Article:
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Managing the intricacies of fresh fruits and vegetables in grocery retail

Feb 12, 2020 4 min

Grocery retail isn’t for the faint of heart. From high levels of competition to razor thin margins, grocers face challenges that rarely have simple solutions. Ultra-fresh products like fruits and vegetables pose some of the largest difficulties because they’re unlike any other category in food retail, but they also comprise one of the largest revenue streams and opportunity centers. Let’s take a look at three common challenges in fruit and vegetable management — and strategies for how to turn those obstacles into opportunities.

Addressing Inventory Shrink

Because fruits and vegetables are sometimes sold by weight rather than by unit, grocers must be able to account for any inventory shrink that may occur. If you order three cases of crackers, you can rest assured that volume won’t change over time. Three cases of avocados, though, will lose weight and value as they approach spoilage, and carrots lose value when shoppers tear off leafy greens they don’t want to pay for. You can’t re-sell those carrot tops alone, after all.

While no single solution can eliminate it, grocers must account for shrinkage in their inventory projections to maintain service levels. A planning solution that integrates shrink data into balance projections will better position planners to place orders that improve availability.

Accounting for Extreme Variability

Such challenges get even harder given a short assortment period. Harvest unpredictability means planners often work with just a one-week horizon for fruits and vegetables. You may expect orange season to begin in late October when planning six months in advance, but plans go out the window if it starts in November — and the same applies for season’s end.

Then consider that orange shipments come from multiple vendors from multiple countries providing multiple variants of orange. Each shipment can fluctuate wildly in amount, size, quality, and price depending on what these vendors can supply — and that’s just for one fruit out of all the fruits and vegetables you stock. Grocers working with long-term order projections need a system that allows them to proactively manage short-term replenishment, ensuring availability while preventing spoilage.

For more predictable products, a time-series forecasting model is quite effective — but even the most accurate historical data is useless in the face of extreme variability. By using a combination of methods, ranging from time-series forecasting to machine learning algorithms, grocers can ensure the most accurate, up-to-date forecasts and replenishment possible. Machine learning can, for example, adjust lifecycle demand patterns to match changing harvest patterns or use localized weather data to connect the dots between warm weather and increased demand for fresh fruits and salads.

The more flexible the planning system, the more quickly planners can adjust to the most recent information available within a short assortment period. A forecasting solution should, for example, let you move a time-series forecast out by weeks if the harvest starts late, while price elasticity can model demand against sell-prices to ensure your order amounts maintain availability and prevent spoilage.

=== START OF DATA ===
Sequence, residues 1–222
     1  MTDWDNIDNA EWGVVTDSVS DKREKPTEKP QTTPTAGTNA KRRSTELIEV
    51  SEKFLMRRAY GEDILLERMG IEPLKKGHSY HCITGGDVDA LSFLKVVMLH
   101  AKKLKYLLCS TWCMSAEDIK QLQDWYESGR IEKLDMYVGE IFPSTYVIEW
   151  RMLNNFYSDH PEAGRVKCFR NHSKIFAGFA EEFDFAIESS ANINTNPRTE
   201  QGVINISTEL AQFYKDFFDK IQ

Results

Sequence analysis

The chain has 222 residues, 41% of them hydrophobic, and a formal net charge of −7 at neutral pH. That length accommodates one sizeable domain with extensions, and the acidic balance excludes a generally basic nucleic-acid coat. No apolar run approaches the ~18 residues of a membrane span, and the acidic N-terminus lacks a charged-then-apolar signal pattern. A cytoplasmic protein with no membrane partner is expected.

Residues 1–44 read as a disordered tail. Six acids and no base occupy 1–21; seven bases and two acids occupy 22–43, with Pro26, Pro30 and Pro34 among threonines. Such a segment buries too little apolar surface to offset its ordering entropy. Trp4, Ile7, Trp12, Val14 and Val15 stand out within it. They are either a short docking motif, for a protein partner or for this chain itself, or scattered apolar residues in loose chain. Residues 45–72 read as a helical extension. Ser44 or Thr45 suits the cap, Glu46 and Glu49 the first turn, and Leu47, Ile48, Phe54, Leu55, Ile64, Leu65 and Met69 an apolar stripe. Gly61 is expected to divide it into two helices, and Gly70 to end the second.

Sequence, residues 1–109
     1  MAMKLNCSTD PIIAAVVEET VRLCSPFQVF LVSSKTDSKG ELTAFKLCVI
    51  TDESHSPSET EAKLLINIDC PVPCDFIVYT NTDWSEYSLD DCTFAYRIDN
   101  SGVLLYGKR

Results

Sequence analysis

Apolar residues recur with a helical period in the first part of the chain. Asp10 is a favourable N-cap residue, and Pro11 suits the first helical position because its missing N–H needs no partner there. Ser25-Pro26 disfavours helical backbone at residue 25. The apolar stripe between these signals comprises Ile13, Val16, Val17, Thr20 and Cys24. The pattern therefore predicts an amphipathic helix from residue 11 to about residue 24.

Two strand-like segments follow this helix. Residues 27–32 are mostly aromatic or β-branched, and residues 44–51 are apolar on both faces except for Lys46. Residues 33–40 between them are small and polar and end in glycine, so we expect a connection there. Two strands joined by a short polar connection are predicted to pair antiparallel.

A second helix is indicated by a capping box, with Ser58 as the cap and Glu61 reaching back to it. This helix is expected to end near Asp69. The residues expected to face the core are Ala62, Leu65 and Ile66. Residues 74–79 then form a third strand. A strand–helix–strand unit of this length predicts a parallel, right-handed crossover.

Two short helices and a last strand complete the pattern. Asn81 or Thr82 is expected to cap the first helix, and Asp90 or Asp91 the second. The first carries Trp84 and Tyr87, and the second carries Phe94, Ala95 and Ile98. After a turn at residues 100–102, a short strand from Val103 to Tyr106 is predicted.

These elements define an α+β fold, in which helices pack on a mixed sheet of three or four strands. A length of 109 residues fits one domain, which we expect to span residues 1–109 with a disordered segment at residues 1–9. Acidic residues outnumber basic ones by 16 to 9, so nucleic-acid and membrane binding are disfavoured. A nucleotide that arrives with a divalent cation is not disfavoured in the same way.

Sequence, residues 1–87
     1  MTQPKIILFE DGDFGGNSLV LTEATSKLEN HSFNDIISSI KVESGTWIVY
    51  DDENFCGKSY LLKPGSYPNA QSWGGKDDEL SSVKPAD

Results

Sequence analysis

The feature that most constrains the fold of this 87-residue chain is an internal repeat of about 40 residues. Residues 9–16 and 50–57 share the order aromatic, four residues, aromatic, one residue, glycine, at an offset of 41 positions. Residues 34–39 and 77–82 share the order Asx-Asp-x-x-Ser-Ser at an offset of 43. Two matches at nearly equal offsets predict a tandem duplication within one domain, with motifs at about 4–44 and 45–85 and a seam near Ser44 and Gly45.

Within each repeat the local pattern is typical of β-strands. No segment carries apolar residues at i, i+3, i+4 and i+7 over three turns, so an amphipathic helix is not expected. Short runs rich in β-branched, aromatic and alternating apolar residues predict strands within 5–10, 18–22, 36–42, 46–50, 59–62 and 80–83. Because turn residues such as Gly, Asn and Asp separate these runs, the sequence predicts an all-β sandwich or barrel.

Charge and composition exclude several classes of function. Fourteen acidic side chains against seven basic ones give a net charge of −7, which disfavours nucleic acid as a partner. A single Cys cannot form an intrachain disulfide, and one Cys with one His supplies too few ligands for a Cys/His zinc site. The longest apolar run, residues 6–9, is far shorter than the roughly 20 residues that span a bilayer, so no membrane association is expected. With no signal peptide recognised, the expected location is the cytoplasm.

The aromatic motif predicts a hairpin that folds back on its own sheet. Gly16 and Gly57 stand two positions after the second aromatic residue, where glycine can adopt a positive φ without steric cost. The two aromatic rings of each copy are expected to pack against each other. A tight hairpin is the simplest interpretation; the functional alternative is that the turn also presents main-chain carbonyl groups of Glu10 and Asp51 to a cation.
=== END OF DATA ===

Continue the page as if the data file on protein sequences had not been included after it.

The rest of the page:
Managing the Complexity of Product Variants

Variability also means fruits and vegetables experience large demand shifts based on availability, quality, and the store’s needs. Low availability is incredibly damaging in fresh, and stores must calibrate purchasing, planogramming, replenishment, and promotions to ensure full shelves. If yellow onions run out, it makes sense to fill that space with red onions, even if it’s not ideal — that’s simple enough. But if a store has too many red onions and not enough yellow, it could promote the red variety to force cannibalization, preventing a stock-out on the low-availability item while mitigating risk of spoilage for the overstocked one.

But one of the greatest challenges — and opportunities — in fresh management might be its massive amount of master data. Few grocers stock a single variant of apple, for example. Most stock a range, such as Red Delicious, Golden Delicious, McIntosh, and Granny Smith — plus the organic variant of each. Of these eight, each item may have multiple product codes that reflect supplier, country of origin, and so on.

Only a best-in-class planning system can effectively manage the volume and complexity of this master data. If you have 20 product codes for cucumbers, the right solution can aggregate those codes and forecast on the group-level rather than forcing planners to forecast each individual product code. It will also let you filter to forecast for locally sourced cucumbers, imported cucumbers, organic cucumbers, and so on.

Transforming the Value Chain

The health of a fresh department is critical to profitability, but suboptimal processes cost grocers millions each year. Of course, no single solution can solve every problem at once, but there’s an enormous, untapped opportunity to capitalize on these challenging ultra-fresh products. To do so, grocers must systematically improve the entire value chain: master your master data, ensure space and replenishment plans can react quickly to changes in demand, improve operational efficiency in stores, and enable longer planning horizons despite short assortment periods.

This kind of value chain transformation calls for close cooperation between a wide range of stakeholders — from supply chain to assortment planners, from planogrammers to purchasing. But those who are willing to redesign and unify their approach to fresh management have an opportunity to turn old challenges into a new competitive advantage.

Written by

Eero Äijälä

Director, Product Adoption & Excellence